Prior to 1988, the emphasis in relation to the school building was ongoing expansion. As the school grew in enrollment, the building adapted to the need to accommodate more children and to reflect the expectations of a changing curriculum. The original one-storey building was expanded first upwards with the addition of a second floor. In the 1960s it was extended sideways along the Park Street side and then finally in 1971 a major extension was added to to the south. At the end of the 1980s things turned full circle and the priority was addressing the limitations of the aging original building. When a second floor was added in the 1920s. it was acceptable to link the floors with a wooden staircase but changes in fire regulations made the Spruce Street stairwell unacceptable in its present form. There was also only one staircase connecting the first and second floors meaning that in the event of a fire there was no alternative route out of the building for those on the top floor. Ironically, in the 1920s there was a fire escape on the outside of the old building at the Centre Street end.
This was removed when the later additions were added. By the 1970s the old building was showing its age and among its problems were windows that rattled in the wind and failed to keep the classrooms warm and rooms that could only be accessed by passing through another room.
Working with the architect Andy Frick, the Board's Superintendent of Business Jack McMillan started work on getting approval locally and in Toronto for a program of work that would transform the old building. This was no easy process. It took an extended period of time and required a number of re-drawings of the plan. Work began in the summer of 1988 and was completed towards the end of the 1988-89 school year. In recognition of the extent of the disruption, the Director of Education Bob Esch supplied people at the school with t-shirts that said "I Survived the 89 A B Ellis Building Renovations!"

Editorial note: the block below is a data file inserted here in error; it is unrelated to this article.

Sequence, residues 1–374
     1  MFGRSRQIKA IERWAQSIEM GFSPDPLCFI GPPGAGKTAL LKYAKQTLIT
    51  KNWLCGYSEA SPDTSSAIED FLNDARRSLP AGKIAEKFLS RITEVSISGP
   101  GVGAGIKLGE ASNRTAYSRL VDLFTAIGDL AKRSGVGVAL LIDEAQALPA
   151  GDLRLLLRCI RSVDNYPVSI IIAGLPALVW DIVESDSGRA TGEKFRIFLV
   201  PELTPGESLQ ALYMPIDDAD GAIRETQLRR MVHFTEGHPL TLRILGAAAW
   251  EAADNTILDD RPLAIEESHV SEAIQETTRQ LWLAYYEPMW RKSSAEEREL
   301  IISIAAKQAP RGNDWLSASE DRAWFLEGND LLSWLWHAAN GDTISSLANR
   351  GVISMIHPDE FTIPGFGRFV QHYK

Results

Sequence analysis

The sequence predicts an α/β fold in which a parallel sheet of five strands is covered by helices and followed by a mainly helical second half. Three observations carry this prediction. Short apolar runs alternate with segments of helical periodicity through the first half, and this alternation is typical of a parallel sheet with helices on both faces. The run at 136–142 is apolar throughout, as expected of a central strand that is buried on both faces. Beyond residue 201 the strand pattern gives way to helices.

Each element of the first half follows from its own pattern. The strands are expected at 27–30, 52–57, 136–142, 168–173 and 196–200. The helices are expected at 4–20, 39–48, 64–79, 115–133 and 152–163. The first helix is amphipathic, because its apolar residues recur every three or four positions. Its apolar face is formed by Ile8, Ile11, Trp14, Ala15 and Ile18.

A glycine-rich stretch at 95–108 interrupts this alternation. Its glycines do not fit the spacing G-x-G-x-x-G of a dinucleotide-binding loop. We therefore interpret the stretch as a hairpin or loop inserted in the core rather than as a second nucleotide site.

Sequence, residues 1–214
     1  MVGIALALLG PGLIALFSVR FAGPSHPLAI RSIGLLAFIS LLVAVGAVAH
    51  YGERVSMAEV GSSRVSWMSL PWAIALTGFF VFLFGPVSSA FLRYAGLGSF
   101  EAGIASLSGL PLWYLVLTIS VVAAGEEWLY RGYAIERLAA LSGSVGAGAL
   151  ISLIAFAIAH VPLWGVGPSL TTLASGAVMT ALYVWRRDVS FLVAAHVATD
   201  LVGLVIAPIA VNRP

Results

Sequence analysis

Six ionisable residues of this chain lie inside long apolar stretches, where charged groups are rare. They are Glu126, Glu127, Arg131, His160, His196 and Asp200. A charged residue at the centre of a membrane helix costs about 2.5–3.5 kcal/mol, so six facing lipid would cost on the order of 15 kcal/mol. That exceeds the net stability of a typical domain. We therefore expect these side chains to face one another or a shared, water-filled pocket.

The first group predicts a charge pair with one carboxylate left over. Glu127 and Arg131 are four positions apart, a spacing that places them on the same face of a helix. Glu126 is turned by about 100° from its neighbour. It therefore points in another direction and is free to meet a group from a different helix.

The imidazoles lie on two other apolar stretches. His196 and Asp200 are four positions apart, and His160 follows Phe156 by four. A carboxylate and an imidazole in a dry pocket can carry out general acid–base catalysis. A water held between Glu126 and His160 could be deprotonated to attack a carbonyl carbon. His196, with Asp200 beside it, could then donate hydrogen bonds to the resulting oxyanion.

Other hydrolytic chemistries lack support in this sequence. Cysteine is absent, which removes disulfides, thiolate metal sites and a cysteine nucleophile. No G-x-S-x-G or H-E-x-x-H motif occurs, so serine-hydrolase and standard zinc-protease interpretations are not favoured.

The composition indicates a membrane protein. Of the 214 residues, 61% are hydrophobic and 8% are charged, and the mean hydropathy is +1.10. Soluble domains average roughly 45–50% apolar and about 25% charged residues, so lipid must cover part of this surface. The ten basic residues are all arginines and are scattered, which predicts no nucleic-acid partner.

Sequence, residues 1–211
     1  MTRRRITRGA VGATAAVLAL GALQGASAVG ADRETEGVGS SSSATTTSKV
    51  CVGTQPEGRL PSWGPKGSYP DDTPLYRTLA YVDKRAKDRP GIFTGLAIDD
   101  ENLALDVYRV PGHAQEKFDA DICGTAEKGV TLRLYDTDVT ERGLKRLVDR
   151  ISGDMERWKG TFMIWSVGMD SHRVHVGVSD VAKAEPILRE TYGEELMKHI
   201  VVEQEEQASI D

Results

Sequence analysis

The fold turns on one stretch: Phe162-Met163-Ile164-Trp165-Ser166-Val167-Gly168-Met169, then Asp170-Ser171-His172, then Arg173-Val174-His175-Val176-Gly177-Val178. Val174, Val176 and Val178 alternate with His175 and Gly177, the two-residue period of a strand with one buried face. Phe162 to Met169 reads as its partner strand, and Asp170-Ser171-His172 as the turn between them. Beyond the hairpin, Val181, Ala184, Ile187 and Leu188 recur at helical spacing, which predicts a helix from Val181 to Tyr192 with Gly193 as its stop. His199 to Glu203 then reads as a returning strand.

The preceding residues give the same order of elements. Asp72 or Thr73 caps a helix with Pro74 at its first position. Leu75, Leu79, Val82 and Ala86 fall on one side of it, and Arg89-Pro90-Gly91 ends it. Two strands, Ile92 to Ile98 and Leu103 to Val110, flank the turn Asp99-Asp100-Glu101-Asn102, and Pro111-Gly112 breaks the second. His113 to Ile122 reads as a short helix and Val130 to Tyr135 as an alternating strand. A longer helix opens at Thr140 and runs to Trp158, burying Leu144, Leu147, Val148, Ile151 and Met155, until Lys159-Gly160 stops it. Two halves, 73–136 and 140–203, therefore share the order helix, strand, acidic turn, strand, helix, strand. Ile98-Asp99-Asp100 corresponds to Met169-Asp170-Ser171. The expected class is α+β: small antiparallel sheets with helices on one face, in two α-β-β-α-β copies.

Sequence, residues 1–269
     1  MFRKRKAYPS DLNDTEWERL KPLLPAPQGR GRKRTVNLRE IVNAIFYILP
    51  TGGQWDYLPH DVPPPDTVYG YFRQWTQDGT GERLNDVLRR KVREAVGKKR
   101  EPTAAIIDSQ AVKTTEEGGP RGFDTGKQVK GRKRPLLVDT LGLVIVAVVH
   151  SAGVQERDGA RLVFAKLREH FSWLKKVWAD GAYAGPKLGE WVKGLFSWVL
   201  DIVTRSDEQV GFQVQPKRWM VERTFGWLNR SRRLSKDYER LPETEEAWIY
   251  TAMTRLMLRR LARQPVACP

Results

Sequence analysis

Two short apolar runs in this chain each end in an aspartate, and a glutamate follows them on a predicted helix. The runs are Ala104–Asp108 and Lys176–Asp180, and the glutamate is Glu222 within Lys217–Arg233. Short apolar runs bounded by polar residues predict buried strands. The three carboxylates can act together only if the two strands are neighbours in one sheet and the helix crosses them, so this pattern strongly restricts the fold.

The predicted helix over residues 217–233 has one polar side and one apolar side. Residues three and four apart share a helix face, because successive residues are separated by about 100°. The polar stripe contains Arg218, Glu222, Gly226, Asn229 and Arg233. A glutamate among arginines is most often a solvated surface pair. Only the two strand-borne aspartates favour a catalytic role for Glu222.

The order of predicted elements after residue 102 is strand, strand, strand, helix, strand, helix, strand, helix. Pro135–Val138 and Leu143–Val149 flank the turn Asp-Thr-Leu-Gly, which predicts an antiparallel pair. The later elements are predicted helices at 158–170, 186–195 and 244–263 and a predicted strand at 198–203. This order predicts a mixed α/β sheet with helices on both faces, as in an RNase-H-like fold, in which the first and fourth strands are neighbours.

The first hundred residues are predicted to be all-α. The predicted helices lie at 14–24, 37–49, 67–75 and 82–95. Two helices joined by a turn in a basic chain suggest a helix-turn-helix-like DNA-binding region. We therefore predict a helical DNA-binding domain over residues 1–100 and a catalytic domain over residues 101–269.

Here is an account of the renovations written by Jack McMillan:
"The basement was gutted, completely as I recall. A very long steel H beam was placed the full length (width?) of the building, under the first-floor joists to support the building. The steel beam stretched across spruce street when it arrived and was inserted through a hole in the building that had been prepared to receive it. The chemical and custodial supplies were moved to a well-ventilated shed that was built at the side of the school. Two JK/K rooms, one on each side of the H beam, occupied the full length of the building, each with its own washroom especially built for little kids. There was egress at both ends of the rooms. The two rooms were furnished in accordance with the JK teachers’ instructions. I saw Andy Frick down on his knees with one of the teachers while she explained how high the white boards should be etc., etc.
The stairwell at the Spruce Street entrance was rebuilt of concrete and steel. It was enclosed within a concrete wall with regulation, automatic, metal-clad doors. The stairwell at the Park Street entrance was similarly extended to the third floor.
I did not seek school board approval for the air conditioner. I was sure I wouldn’t get it. I had enough money within the contingency allowance to ensure full grant. I told no one before it was installed and operating.
Five or six layers of fire-rated drywall were installed on the underside of all wooden stairs in the building. I believe all of the classroom doors were replaced (maybe only some but not all: I forget and so does Andy Frick).
An elevator or lift had to be installed that stopped at every level.